It's too early to say how the tropical depression that dumped heavy rains on parts of Puerto Rico and the Dominican Republic Saturday might affect Charleston later this week, but forecasters don't expect the impact to be great at this point.
"There is a lot of uncertainty at this point," said Bob Bright, a meteorologist with the Charleston office of the National Weather Service. "We're not too concerned, especially considering we're on the west side and storms are usually weaker on the west side."
The weather service's forecast for Charleston says tropical storm conditions are possible Wednesday night.
Bright said he expects the bad weather to pass well offshore, kicking up some rough waves that might cause some beach erosion and minor flooding.
On the other hand, the system's course could change, and it bears watching over the next few days.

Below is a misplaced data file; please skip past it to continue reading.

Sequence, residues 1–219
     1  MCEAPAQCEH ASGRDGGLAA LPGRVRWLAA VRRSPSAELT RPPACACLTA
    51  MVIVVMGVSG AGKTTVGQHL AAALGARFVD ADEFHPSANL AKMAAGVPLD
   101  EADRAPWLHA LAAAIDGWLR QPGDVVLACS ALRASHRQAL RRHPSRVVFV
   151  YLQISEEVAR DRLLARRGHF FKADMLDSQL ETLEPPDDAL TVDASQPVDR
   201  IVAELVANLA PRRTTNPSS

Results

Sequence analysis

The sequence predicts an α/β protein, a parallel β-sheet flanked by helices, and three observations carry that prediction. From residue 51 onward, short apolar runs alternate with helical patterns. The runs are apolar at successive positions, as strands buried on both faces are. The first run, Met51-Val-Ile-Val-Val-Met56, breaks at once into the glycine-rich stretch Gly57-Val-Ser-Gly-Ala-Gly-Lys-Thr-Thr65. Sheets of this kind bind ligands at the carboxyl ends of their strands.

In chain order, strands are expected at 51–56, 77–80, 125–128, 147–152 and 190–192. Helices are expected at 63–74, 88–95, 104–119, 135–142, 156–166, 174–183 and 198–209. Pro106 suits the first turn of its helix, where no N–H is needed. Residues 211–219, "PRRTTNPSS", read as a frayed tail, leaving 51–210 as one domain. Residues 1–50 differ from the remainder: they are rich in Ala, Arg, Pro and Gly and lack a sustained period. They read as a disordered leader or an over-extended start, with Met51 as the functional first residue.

"We're still in that cone of uncertainty," he said. "It's too early to make a guess."
The system is expected to strengthen into a tropical storm Sunday as it passes over or near the central Bahamas.
The immediate forecast for the Charleston area calls for lower temperatures, a welcome relief from the searing heat of the past few days.
The mercury is not expected to rise above the high 80s through Wednesday.
The temperature reached 99 at Charleston International Airport on Saturday, breaking a record of 98 set in 1983 and 1968, according to the weather service.
The humidity made it feel closer to 107.
Sunday's forecast calls for highs in the upper 80s, with mostly cloudy skies and a 30 percent chance of showers and thunderstorms.
Reach Dave Munday at 937-5553.